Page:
This is a very charming, funny, true book about Frank and Lillian Gilbreth who married in 1904 and became partners in a business consulting firm. We still use many of their methods today. They aren’t best know for their work, however, but for having 12 children — two of whom wrote this book. Frank is the larger-than-life central character who saw his family as a laboratory for time-and-motion studies, requiring them, for example, to run whenever they heard a whistle blow. He smoked cigars, was a snazzy dresser and drove like a madman. Back then, cars were still a novelty. An open Pierce Arrow crammed with 12 kids was a show stopper. Frank knew how to handle hecklers. When one guy shouted, “Say, Noah, what are you doing with that Ark?” Frank replied, “Collecting animals like the good Lord told me . . . All I need now is a jackass. Hop in.” He died a young man. Lillian picked up his work, becoming widely respected in a man’s world, but Frank’s passing left a void in the family impossible to fill.
This is a great book for readers who enjoy Roman history — like I do. It’s the first in the Roma Sub Rosa series, mysteries which feature sleuth Gordianus the Finder. The year is 80 BC and Sulla rules Rome. Young lawyer Marcus Cicero is defending Sextus Roscius, accused of murdering his wealthy father. (The gruesome penalty for patricide is to be marched to the Field of Mars, brutally whipped, sewn into a sack with a snake, chicken and dog, and then chucked into the Tiber.) Cicero hires Gordianus to investigate. Rumor has it Roscius plotted the murder because his father threatened to disinherit him and leave the money to the unborn child of a prostitute with whom he was having an affair. As Gordianus pursues the truth, his house is vandalized, his slave Bethesda attacked and someone tries to kill him, more than once. Maybe, because he discovers something that could set Roscius free but implicate Roman Dictator Sulla in the process.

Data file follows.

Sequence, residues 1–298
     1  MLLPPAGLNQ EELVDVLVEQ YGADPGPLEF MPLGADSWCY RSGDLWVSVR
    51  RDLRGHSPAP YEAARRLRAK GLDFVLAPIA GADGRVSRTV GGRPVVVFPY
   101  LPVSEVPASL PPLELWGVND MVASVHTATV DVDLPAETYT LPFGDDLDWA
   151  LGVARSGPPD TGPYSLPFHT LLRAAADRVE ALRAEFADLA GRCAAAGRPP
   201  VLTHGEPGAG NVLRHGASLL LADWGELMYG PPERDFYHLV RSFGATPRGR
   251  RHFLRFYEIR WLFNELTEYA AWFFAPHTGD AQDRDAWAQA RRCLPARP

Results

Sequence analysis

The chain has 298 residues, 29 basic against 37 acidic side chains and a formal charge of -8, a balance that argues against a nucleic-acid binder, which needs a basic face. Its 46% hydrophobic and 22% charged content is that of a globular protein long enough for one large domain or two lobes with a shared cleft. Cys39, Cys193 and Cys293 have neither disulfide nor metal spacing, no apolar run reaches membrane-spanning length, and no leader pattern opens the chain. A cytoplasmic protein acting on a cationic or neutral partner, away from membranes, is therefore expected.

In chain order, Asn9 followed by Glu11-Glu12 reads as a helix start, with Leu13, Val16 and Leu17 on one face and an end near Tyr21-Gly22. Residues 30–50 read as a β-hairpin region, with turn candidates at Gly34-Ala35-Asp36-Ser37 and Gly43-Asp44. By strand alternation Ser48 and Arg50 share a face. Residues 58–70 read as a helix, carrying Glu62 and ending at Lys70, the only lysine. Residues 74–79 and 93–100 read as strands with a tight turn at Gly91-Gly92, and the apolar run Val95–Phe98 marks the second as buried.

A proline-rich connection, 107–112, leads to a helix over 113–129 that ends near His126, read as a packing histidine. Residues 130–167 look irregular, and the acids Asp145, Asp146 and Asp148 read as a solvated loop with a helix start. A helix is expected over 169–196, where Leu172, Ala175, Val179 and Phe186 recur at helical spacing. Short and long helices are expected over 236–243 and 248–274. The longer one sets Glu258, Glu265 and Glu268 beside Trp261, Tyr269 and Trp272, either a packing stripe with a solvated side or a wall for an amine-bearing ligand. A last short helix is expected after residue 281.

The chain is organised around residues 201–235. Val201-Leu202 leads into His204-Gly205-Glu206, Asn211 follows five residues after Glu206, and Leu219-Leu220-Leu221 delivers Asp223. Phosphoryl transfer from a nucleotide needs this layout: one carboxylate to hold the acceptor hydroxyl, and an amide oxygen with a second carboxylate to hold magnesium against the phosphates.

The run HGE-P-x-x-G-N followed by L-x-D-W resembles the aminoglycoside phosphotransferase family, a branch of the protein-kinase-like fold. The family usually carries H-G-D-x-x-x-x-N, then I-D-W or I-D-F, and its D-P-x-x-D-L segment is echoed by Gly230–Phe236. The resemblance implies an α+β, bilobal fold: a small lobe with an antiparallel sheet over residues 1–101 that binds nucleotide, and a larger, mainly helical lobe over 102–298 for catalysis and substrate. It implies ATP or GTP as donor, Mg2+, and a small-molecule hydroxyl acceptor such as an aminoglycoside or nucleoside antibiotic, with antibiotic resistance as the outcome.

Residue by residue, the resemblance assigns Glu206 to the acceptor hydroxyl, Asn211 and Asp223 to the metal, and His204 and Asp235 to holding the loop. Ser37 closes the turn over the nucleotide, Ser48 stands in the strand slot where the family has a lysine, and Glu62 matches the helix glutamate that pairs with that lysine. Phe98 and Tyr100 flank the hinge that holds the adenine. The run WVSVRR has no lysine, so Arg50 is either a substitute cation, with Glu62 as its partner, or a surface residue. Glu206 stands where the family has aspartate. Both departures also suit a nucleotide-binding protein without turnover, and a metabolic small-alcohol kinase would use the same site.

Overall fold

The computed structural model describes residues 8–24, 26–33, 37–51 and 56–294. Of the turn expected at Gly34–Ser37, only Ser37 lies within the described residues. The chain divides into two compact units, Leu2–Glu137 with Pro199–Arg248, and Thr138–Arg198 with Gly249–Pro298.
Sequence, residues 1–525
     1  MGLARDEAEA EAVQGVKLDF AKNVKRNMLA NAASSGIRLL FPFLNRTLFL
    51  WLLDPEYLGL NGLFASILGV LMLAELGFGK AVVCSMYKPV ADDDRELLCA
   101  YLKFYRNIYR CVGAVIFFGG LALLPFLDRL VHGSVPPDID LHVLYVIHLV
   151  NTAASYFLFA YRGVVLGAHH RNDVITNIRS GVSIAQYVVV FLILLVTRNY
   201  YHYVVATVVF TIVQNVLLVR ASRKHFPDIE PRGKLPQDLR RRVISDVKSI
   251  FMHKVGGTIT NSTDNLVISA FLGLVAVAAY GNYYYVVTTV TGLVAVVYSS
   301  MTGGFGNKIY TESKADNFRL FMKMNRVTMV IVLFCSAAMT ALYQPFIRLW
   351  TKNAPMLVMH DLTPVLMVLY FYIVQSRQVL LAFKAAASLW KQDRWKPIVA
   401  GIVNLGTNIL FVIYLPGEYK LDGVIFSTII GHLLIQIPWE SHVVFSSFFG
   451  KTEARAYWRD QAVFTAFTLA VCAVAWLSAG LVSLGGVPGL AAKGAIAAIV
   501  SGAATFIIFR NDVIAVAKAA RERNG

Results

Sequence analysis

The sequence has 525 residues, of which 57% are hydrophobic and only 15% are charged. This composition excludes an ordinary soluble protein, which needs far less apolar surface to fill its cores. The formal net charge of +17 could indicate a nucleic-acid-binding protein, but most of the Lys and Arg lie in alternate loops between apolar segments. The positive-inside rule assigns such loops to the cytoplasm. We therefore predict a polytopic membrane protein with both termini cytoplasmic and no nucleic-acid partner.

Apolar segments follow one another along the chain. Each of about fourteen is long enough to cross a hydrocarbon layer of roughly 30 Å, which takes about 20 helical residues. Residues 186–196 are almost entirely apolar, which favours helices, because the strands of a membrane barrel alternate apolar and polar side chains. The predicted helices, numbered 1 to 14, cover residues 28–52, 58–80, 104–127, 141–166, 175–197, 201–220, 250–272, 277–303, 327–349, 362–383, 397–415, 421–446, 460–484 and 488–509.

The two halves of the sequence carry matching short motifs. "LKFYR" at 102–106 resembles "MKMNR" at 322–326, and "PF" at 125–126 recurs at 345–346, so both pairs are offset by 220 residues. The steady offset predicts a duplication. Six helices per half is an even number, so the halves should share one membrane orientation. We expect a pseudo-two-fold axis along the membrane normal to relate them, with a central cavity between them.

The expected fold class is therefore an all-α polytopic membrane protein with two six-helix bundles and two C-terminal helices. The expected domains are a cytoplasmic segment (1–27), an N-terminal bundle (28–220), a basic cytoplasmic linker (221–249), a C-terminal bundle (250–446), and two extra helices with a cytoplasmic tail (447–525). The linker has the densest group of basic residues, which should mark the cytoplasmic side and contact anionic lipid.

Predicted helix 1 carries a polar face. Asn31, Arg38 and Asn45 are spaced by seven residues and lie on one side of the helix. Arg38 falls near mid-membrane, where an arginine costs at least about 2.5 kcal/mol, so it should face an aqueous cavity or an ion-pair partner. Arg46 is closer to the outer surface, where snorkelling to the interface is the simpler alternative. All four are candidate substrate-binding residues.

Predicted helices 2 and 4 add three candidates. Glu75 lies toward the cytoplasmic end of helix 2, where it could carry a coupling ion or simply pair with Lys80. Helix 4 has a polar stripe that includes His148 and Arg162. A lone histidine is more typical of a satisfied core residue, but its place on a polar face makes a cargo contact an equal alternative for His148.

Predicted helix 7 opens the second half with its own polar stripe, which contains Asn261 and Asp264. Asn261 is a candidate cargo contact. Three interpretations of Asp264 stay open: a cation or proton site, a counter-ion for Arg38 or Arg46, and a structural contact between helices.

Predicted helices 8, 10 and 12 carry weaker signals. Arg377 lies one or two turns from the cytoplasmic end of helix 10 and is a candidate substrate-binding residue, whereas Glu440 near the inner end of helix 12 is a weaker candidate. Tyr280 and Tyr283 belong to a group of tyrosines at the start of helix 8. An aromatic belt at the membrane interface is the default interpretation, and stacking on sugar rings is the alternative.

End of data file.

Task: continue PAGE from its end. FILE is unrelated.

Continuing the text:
This book, which features a truly vile heroine, isn’t for everyone. Beatrice Lacey (whom I love to hate) lives in England in the 1700s on a rich estate called Wideacre. She loves the land, more than her bookish brother Harry, but by law she can’t inherit. Determined to be in charge, she plots her father’s death with a lover, leaves the lover for dead and then seduces her brother who has a fondness for pain. When Harry marries, she foists the child she has by him onto his wife. Pregnant again, Beatrice seduces a man and traps him into marriage. Ultimately, she drives her husband to drink and then into an institution so she can sell his Scottish estates to gain resources for Wideacre. She also brutally exploits the peasants who work the farm to ensure the estate’s well-being. Although I enjoy many of this author’s books, especially The Other Boleyn Girl, the writing is so rich in the Wideacre Trilogy it remains an all time favorite.